The Obama administration is proposing a grant program that could start zoning marine areas for offshore projects.
The White House released a fiscal 2011 budget proposal this week that includes $20 million in grants for regional ocean partnerships. The competitive grants would support planning for marine zoning.
Advocates of the zoning effort say the proposal -- a small part of the National Oceanic and Atmospheric Administration's $5.55 billion annual budget -- would be a big step toward helping improving the marine management.
"This is a substantial investment," said Emily Woglom of the Nature Conservancy. "It would make it possible for regions to start marine spatial planning frameworks."
The new program is being proposed at a time when the administration says it is attempting to hold down agency spending. The overall budget proposal for NOAA is 15 percent higher than last year's funding levels, but almost all new money would go to purchase new satellites.
The administration's proposal would reduce overall funding for NOAA's operations and research account, which pays for all programs and functions beyond purchasing. The administration is proposing $3.4 billion for operations and research, a cut of $5 million from fiscal 2010 levels.
NOAA is directing proposed funding increases toward what the administration considers its most important initiatives, which include the regional ocean partnerships that aim to advance draft recommendations from President Obama's interagency ocean task force.
The task force -- comprising two-dozen top administration officials charged with drafting national ocean policy and developing a framework for marine planning -- has recommended making ocean conservation a national priority and creating a council to oversee marine issues.
The group also laid out plans for marine planning and zoning to overhaul how agencies address new projects. The task force's final recommendations are expected later this month, and environmentalists are hoping Obama will issue an executive order in March to give more force to the plans.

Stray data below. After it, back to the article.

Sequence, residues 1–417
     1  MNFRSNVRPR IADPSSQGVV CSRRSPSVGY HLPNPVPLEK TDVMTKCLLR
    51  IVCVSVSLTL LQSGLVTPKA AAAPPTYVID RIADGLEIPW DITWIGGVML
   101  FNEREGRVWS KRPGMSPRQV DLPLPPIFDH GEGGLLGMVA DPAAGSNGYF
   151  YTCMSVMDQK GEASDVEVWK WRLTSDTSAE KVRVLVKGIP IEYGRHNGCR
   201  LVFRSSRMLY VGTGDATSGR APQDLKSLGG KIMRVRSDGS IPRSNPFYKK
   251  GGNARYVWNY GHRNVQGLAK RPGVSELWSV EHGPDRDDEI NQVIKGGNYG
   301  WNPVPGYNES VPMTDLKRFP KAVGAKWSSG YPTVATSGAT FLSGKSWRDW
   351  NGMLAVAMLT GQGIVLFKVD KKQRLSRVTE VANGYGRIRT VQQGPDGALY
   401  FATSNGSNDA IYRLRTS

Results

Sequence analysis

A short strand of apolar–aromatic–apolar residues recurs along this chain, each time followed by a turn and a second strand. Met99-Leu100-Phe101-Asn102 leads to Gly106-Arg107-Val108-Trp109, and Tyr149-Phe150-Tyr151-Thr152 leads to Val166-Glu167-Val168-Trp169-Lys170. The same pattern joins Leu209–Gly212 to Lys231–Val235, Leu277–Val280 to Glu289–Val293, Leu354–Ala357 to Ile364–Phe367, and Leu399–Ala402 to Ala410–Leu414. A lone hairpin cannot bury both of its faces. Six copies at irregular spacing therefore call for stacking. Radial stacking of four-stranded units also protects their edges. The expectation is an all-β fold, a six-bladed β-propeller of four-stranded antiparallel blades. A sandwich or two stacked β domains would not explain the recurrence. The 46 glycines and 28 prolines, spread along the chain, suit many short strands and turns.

The marine planning system is intended to help the government address growing demands on oceans and coasts. It would clarify which agencies oversee permitting for marine development, address conflicts between shipping and marine mammal protection and decide in cases involving proposed energy projects and recreational areas.
The task force's draft recommendations map out processes for regional intergovernmental co-operation over ocean development over the next five years. They call for scientific data to be a foundation for regional planning.
The regional planning system in NOAA's budget would be the first step. The Obama budget proposal says competitive grants should be delivered to entities doing "marine spatial planning" -- identifying areas most suitable for certain types of projects.
"This is ... the first time that we've seen this kind of funding requested by the administration," said Matt Tinning of the Ocean Conservancy. "The ocean policy task force has finally stepped up on this important issue, and ensuring adequate funding to support the work that they have done and are calling for going forward is critical."
'A real urgency'
Recognizing that marine issues are not confined by state or federal boundaries, ocean experts have for years recommended regional, intergovernmental planning efforts. The Pew Oceans Commission, the U.S. Commission on Ocean Policy and the Joint Ocean Commission Initiative all called for regional ocean governance.
Under the current system, a state manages marine waters within 3 miles of its coast, and the federal government oversees waters between 3 and 200 nautical miles offshore.
"There is a real urgency. It is not just something nice to do because it brings order," said Lynne Zeitlin Hale, director of the Nature Conservancy's global marine initiative. "The systems of the oceans are in decline; something has got to give."
NOAA developed a small grant program two years ago that focused on planning for the Gulf of Mexico. The Obama budget proposes to expand that program nationwide and focus the funding on the new initiative for marine spatial planning.
The money could go to help the groups gather data or maps to develop the plans or to fund grants for needed restoration projects that are identified in the process.
There are already six regional groups, mostly formed by coastal states' initiatives: the Gulf of Mexico Alliance, Northeast Regional Ocean Council, Great Lakes Regional Collaboration, West Coast Governors' Agreement on Ocean Health, Mid-Atlantic Regional Council on the Ocean and South Atlantic Alliance.
The competitive grants would go to those groups and others for Alaska and Hawaii, according to budget documents NOAA released this week.